Facing Race, an annual conference that made its way to Detroit in late 2018, is billed as “the largest multiracial, inter-generational gathering for organizers, educators, creatives and other leaders.” The conference brought more than 70 workshops and 180 presenters to the Detroit area last year. Topics included gentrification, healthcare, comics and advocacy, movement-based journalism, and many more. In the past, the conference has been hosted in Atlanta, Baltimore, Berkeley, Chicago, Dallas, Oakland, and New York.
With the announcement of Stan Lee’s passing in Los Angeles, November 12 marked a sad day for comic book fans worldwide. Lee had a key role in developing the Marvel Comics empire with characters like Spider-Man, Black Panther, the X-Men, Iron Man, Thor, and many others. The Marvel editor, writer, and publisher was beloved for his creations—but also for creating characters that were notably different and often flawed. The X-Men, mutants who were exiled to their own solitary lives because of public fear, mirrored countless issues in American culture since they were introduced in 1963. Whereas Spider-Man, who first gets his powers as a teenager, reflected the complications of passing great responsibility to a young adult.
Though Lee has passed, he leaves behind many great stories that are being continued to this day. Take a look at some of Lee’s contributions and some new Marvel tales below.
Riley, who made a name as a rapper with the group The Coup, has directed one of this year’s most original movies. Titled Sorry to Bother You, the film follows an African-American telemarketer named Cash Green who uses “white voice” to advance his career. The events that follow pits Cash in the middle of a conspiracy that satirizes modern race relations, capitalism, and power itself. The movie is filled with inventive imagery and absurd twists—and is probably unlike anything else you’ve seen this year. The movie received an R rating for language, sexual content, and drug use.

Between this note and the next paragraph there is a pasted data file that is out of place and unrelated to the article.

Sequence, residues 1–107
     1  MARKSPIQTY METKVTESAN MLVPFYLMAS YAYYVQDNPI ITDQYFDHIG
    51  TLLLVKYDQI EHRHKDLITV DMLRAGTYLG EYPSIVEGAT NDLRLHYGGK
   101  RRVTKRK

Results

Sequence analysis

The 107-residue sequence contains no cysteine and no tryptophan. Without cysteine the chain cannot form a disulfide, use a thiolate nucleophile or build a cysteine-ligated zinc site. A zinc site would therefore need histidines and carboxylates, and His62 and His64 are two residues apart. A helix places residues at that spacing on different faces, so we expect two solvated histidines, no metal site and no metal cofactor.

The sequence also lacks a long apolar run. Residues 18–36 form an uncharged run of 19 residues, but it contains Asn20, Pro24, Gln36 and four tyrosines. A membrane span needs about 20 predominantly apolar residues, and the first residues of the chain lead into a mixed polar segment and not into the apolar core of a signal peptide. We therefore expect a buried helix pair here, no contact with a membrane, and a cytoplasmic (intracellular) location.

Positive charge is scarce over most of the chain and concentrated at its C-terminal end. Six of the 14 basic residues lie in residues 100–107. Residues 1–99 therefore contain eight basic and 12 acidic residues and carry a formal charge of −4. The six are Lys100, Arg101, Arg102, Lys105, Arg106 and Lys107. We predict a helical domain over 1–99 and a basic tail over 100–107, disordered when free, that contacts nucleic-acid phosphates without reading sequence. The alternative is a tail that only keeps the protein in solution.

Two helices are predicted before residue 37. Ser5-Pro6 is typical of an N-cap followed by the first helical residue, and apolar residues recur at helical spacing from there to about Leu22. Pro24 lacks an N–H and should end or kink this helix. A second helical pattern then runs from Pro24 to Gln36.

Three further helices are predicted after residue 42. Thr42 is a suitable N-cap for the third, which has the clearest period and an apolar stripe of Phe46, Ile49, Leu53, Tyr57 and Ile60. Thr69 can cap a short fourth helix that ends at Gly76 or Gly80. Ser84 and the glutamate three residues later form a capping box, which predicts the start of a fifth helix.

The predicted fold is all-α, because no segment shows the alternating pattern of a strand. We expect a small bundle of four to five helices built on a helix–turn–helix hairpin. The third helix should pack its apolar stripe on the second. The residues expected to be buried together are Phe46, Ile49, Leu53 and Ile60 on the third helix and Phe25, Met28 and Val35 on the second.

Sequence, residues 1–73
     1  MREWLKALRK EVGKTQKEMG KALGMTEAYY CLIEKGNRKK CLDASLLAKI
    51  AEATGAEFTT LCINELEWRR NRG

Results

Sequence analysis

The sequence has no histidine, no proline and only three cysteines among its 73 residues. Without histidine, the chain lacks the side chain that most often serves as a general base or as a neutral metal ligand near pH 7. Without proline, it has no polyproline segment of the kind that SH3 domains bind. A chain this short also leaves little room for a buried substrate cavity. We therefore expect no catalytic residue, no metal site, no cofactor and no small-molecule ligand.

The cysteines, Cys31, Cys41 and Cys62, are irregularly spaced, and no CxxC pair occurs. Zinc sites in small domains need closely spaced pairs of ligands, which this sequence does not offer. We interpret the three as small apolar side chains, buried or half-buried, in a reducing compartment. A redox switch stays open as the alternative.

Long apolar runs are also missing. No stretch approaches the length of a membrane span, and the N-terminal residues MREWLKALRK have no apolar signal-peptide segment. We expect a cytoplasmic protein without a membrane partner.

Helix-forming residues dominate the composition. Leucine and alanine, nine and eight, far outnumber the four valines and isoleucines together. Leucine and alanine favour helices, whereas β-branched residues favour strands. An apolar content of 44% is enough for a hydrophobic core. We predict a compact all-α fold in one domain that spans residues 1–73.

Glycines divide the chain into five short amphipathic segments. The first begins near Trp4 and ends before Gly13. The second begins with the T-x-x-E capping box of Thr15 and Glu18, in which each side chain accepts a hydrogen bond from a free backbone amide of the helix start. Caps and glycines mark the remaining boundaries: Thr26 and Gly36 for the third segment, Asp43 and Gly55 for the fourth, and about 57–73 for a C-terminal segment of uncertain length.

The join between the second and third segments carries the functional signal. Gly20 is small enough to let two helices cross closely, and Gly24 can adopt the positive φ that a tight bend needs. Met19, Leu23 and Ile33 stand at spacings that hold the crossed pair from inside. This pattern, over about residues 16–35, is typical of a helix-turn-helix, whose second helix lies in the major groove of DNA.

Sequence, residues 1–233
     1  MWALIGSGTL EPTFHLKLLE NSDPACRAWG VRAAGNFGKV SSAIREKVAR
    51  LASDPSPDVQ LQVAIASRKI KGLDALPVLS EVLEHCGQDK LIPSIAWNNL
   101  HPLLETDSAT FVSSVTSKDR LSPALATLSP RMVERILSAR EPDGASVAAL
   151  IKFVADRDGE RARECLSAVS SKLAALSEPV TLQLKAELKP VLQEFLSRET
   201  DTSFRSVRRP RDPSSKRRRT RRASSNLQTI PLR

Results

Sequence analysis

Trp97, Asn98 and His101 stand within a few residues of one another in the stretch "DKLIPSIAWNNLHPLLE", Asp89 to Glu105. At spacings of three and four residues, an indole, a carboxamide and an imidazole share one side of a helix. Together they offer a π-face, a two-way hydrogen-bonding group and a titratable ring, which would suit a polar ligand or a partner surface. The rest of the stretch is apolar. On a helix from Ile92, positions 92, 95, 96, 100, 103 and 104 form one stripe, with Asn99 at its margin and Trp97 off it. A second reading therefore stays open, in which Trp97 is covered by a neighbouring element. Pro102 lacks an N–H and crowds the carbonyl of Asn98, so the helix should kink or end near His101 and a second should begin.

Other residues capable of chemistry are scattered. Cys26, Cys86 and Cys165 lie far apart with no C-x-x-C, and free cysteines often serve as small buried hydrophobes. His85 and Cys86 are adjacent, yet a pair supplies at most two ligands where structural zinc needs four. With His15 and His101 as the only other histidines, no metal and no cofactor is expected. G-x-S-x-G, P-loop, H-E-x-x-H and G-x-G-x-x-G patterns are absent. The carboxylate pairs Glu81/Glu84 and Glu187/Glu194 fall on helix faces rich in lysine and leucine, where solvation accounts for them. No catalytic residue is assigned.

Bo Burnham, who some might recognize from his career as a stand-up comedian, directed a painfully relatable coming-of-age film called Eighth Grade. The film follows Kayla Day, an eighth-grade student who struggles with anxiety and produces video blogs on improving confidence and self-image. The movie shows Kayla navigate recognizable middle school struggles—first crushes, pool parties, and looking cool at the mall—but also explores the effect of social media on teens. The movie received an R rating for language and some sexual references.
You can place them both on hold now.